Wednesday, December 03, 2008
Kremlin lifts bar on Russneft trade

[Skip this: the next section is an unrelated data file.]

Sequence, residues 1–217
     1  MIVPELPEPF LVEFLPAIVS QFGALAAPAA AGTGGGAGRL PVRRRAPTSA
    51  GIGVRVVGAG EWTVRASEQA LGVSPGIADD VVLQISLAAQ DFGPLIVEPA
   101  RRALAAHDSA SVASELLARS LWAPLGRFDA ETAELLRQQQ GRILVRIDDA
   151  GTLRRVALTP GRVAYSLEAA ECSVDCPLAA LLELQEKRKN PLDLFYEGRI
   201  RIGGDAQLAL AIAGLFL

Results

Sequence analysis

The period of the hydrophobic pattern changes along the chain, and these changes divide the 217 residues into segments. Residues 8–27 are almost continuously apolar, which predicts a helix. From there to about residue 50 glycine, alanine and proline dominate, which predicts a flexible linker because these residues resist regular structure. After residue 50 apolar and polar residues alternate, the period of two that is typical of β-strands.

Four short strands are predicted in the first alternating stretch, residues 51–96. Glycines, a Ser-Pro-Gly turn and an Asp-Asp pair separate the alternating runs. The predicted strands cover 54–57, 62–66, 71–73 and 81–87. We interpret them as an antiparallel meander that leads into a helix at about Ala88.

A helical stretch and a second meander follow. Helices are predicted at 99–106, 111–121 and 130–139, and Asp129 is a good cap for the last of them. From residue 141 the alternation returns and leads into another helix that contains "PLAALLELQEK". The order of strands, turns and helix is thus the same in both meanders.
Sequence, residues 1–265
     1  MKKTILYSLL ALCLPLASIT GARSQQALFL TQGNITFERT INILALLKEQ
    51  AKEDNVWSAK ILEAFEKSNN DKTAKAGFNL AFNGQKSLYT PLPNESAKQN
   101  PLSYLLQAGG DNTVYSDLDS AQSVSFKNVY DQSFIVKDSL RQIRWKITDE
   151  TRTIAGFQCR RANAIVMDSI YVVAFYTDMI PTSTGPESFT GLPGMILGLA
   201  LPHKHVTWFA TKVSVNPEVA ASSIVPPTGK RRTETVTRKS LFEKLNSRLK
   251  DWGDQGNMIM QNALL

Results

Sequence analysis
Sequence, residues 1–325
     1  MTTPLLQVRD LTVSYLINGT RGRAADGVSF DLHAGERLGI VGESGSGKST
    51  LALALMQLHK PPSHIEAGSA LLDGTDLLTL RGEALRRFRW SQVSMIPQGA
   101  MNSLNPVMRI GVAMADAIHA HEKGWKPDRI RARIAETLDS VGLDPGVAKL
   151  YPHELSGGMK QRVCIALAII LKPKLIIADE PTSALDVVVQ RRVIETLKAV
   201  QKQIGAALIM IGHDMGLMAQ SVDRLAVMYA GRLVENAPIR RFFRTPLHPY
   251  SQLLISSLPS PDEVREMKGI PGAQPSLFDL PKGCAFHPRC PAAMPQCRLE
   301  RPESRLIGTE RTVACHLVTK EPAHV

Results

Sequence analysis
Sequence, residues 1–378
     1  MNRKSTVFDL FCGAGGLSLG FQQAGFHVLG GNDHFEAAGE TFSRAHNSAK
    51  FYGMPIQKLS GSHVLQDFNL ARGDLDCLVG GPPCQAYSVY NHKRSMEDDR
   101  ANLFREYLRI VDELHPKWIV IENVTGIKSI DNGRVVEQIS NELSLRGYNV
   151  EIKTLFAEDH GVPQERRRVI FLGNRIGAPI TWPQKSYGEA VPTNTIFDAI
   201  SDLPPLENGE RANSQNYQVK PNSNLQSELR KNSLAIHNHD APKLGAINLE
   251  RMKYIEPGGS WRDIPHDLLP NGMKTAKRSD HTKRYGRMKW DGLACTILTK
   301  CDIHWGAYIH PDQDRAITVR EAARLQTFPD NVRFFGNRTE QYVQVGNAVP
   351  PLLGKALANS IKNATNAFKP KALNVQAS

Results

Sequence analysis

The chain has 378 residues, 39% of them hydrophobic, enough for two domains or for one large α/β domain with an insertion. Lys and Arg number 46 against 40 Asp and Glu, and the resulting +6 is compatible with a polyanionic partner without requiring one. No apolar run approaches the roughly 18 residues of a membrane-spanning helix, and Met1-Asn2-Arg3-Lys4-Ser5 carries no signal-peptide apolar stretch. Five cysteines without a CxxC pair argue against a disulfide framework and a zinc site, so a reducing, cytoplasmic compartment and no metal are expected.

2 December 2008 - Upstream OnLine - The Russian authorities have unfrozen trade in Russneft shares, opening the way for Russia's richest man, Oleg Deripaska, to finalise a long-delayed deal to take control of the mid-sized oil producer. 2 December 2008 - Upstream OnLine - Russneft's previous owner, billionaire Mikhail Gutseriyev, fled to the UK in August last year and sold a majority stake in the company to Deripaska for more than $3 billion, excluding debts. However, Russia's anti-monopoly watchdog has yet to approve the deal. When contacted by Reuters, the watchdog could not say when the approval should be expected. Russian media has reported Deripaska's stake in Russneft will be more than 51%, while a source close to the negotiations told Reuters he was seeking 75%. Meanwhile, authorities had frozen Russneft's shares after criminal and tax cases were brought against the company. On 26 November, an investigator at the Interior Ministry's Investigation Committee unfroze the shares, an official at the committee, Irina Dudukina, told Reuters. "The criminal case against Mikhail Gutseriyev accused of illegal entrepreneurship has been put on hold until we find him," Dudukina said. Russneft said in its last report that six offshore companies still control it. Earlier in October, Russia's tax service dropped the last case accusing Russneft of selling its shares illegally. The shares will remain unfrozen from now on, a source close to Russneft's minority shareholders told Reuters. Separately, Russneft will repay its 7 billion rouble ($249.9 million) bond on 10 Decmber, another source close to the company said. Reuters Data said the bond would carry a yield of more than 600%. Russneft's credit worthiness has been under question as oil prices have plunged 70% from their peaks in the summer and the global financial crisis dried up credit markets. "We are ready to do it in any case," the source said of repaying the bond. Russneft is awaiting part of a tax-back owed to it by the tax service, he said, adding "the money likely to come today would be useful but it is not critical" for the company's readiness to meet creditors' demands.